It could be pretty easy when it comes to fertilizer. It is not that hard to convert to Organic Fertilizer...... With the technology used by a company called Converted Organics and the organic fertilizer they are able to produce, a City or State could set up a Converted Organics’ processing plant at every major city landfill and produce enough high quality fertilizer to help solve this problem as well as help reduce the amount of food waste that goes into landfills. The Converted Organics process can produces a liquid fertilizer from food waste in less then week. and per their customers testimonials, the product is working great. And since the majority of the nitrogen run off is produce by farms and golf courses, they both use a lot of liquid fertilizers. And what is pretty cool about this, if the Cities or States were to put these fertilizer plants into operation, this could be a valuable source of income/carbon credits for them. It would be like a WIN WIN WIN I am not affiliated with this company, just thinking that someone might want to look into this as part of a solution.

Oregon  |  June, 13, 2011 at 12:37 PM

Good point, Earnest. The thing that's relevant about past change is that we know the climate can be destabilized. Too much carbon is a bad thing for the atmosphere. Farmers and ranchers are smart people and should get ahead of the curve on this, since ag could be impacted the most. Most of these solutions improve operation efficiency and save money, so it's a good opportunity. I think the USDA is doing the right thing.

U.S.  |  June, 13, 2011 at 06:50 PM

According to the National Acadamy of Sciences in 2011: Climate change is occurring, is very likely caused primarily by the emission of greenhouse gases from human activities, and poses significant risks for a range of human and natural systems. Emissions continue to increase, which will result in further change and greater risks. Responding to these risks is a crucial challenge facing the United States and the world today and for many decades to come. http://americasclimatechoices.org/ACC_Final_Report_Brief04.pdf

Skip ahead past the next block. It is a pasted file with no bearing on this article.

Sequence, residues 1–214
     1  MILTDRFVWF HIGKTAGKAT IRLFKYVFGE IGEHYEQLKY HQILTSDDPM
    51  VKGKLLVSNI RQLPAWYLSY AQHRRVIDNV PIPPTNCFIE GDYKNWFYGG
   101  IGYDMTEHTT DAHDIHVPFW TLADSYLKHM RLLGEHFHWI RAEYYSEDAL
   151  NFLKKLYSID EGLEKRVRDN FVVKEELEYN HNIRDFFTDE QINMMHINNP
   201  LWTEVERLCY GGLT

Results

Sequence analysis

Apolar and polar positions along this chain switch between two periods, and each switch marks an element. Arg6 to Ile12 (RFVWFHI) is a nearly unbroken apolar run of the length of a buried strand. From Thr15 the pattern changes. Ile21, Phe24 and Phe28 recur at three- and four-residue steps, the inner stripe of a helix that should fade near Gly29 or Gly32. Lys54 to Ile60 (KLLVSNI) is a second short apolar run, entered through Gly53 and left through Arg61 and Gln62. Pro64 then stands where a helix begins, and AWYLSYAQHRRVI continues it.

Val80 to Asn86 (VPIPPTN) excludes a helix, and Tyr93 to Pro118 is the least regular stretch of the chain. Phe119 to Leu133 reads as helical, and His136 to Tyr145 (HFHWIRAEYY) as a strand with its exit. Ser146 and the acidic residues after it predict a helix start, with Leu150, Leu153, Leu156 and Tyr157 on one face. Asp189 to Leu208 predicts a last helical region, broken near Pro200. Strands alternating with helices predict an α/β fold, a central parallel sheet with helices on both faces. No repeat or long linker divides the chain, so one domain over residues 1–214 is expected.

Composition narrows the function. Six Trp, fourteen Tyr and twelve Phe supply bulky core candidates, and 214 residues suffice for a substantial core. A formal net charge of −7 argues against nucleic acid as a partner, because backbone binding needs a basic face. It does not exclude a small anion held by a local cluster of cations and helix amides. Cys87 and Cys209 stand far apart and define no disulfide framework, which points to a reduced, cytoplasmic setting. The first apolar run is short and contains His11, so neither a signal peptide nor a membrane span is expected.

June, 14, 2011 at 01:00 AM

The climate is changing, and humans are to blame for most of it though its emissions of greenhouse gases. Its high time we do something about it, before it really gets dangerous.

Texas  |  June, 16, 2011 at 04:35 PM

Those who read National Geographic know from the pictures of the polar ice cap over the last 10 years that it is shrinking and that is strong evidence of a warming trend. Why else would it shrink? Most reputable scientists think that we are speeding up nature's warming cycle. It's good to know that USDA is not ignoring the warning signs and is doing some long range strategic planning.

VA  |  June, 18, 2011 at 03:01 PM

I respect the conclusions of ninety-some percent of the world's climate scientists that CO2 emissions are causing potentially catastrophic climate change. Most of the deniers are funded by the enormous fossil fuel lobby.